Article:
No I wanted to know why he believed Jesus mentioned Adam.

I have had YEC tell me a wide range of outlandish beliefs such as Jesus quoted Genesis more than any other book in the OT. I have heard the “Jesus mentioned Adam” argument before but no one can support it when questioned. The question was just meant to gently point out that perhaps he had his facts wrong.

You might want to read up on Jesus’s use of the OT. It can be eye opening.


He never directly says anything about Adam, but in every case we can see, Jesus took the Old Testament as history. I see later in the comments you argued that Jesus might not have meant these things literally, but if that’s the case, what good would showing He spoke of Adam do to the argument?

(Phil) #89

It seems to me he held them as truth, but as I recall, he turned the then current interpretation of scripture on its head more often than not. I cannot recall a time when he quoted scripture as history, but rather used what we might call historical writings as spiritual teaching to make a point.
In any case, I am unaware of where Jesus disputed anything held as common knowledge in the day but later shown false from a physical standpoint either(cosmology, weather, physics etc.) Any examples I may have overlooked?


Agreed. And we have to remember that he “emptied himself,” according to the famous hymn in Philippians. There were things he could not do and things he did not know. When he returned to his home town, the town folks were amazed at his wisdom and wondered how he got it. Nobody thought he was destined for great things when he was a baby; He had to go through a growth process.

Some of the later gospels that were rejected by the church have Jesus speaking even as a baby. (But some of these stories did make it into the Qur’an!)


The issue is, we hear Him very often saying “God said” of the Bible, or “it is written,” and it just seems like He did have a high view of Scripture. There’s no evidence that He didn’t have the traditional understanding of things like Mosaic Authorship and such. It seems like there’s every reason to think He thought Adam and Eve were real.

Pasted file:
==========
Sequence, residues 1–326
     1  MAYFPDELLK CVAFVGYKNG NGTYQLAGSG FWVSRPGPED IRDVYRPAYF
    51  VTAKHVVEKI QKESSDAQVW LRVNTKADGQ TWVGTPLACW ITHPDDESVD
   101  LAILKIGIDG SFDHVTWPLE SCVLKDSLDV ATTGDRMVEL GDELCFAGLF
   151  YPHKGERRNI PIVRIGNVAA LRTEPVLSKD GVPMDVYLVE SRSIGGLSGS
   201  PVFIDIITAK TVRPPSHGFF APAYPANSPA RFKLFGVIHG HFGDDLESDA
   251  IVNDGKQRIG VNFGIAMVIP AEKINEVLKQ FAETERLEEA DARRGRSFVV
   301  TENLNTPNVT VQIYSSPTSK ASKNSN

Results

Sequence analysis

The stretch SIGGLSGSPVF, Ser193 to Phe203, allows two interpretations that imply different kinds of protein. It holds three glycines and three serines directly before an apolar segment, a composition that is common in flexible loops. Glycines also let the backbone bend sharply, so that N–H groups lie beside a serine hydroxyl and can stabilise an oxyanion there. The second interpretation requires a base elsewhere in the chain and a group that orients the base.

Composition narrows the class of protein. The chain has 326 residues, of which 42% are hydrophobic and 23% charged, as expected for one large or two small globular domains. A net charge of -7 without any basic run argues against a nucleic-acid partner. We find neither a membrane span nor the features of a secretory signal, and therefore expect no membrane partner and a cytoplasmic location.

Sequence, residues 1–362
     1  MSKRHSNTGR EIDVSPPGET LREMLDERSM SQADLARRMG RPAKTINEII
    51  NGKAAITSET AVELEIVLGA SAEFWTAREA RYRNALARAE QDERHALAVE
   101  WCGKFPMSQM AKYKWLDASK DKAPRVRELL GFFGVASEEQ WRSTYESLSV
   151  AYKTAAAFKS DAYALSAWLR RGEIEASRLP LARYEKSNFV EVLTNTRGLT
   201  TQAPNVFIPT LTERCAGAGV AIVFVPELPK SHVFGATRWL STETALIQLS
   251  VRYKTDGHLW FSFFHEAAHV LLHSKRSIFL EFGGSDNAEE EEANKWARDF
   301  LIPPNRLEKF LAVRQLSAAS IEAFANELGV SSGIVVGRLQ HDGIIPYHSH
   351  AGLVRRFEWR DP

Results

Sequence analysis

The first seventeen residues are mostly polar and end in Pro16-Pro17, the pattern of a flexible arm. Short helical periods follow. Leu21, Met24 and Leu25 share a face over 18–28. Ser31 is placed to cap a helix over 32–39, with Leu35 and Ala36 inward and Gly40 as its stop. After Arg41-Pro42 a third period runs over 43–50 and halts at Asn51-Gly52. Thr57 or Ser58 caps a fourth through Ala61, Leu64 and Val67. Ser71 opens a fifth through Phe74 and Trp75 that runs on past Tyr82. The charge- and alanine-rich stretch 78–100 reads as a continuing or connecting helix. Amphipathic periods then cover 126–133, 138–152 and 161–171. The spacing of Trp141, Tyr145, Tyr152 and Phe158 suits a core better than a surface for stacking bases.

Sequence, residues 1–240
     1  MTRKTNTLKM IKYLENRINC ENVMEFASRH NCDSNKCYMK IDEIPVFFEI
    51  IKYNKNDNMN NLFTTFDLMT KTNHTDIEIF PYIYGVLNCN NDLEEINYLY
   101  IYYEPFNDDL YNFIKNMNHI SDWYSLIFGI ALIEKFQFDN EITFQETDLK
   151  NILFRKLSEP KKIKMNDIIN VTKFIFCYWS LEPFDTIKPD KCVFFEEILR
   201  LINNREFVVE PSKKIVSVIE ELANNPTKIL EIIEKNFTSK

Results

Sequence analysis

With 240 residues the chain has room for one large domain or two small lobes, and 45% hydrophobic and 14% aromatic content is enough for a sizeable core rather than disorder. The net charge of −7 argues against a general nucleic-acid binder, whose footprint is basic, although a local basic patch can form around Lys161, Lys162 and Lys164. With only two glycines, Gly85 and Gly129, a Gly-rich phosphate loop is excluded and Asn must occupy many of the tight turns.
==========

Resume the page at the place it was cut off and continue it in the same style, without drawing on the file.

With all due respect, I think this view fundamentally undermines orthodox Christology. Jesus was fully God and fully man, and He had the ability to know all things. He knew He would be crucified, He knew the Temple would be destroyed, etc. If Jesus could be mistaken, we’d have to reject the Nicene Creed and a lot of other things.

(Randy) #93


Thanks for your note. I think that you’re right that the whole “homoousion” (mix of natures) of Jesus and God is a mystery. There have been endless (“Byzantine”–especially during Byzantium’s existence) debates over the form in which one could be fully God and fully man. But, how does Luke 2:52 “52And Jesus grew in wisdom and stature, and in favor with God and man” work in? The Nicene Creed says “We believe in one God, the Father Almighty, Maker of all things visible and invisible.And in one Lord Jesus Christ, the Son of God, begotten of the Father [the only-begotten; that is, of the essence of the Father, God of God,] Light of Light, very God of very God, begotten, not made, being of one substance with the Father.” but, it’s an interpretation. Why did Jesus ask God to have the cup pass from him?

I grew up on the mission field. My parents were in a 97% Muslim area, and while the people were wonderful, the main concern Muslims had was that Christians committed blasphemy in making a man into God. We didn’t really focus much on the Nicene creed. This is good study.

And if Jesus is the Word of God as in John, similar to the Bible (our Word), which as old earth creationists we know does not specifically teach a very old earth (it wasn’t necessary), then why would He quibble about what we understand from each age to age? My thought was that God (Jesus) could opt not to teach the people these things, just as He would not want to confuse them about the age of the earth.

5In your relationships with one another, have the same mindset as Christ Jesus:
6Who, being in very naturea God,
did not consider equality with God something to be used to his own advantage;
7rather, he made himself nothing
by taking the very natureb of a servant,
being made in human likeness.
8And being found in appearance as a man,
he humbled himself
by becoming obedient to death—
even death on a cross!
9Therefore God exalted him to the highest place
and gave him the name that is above every name,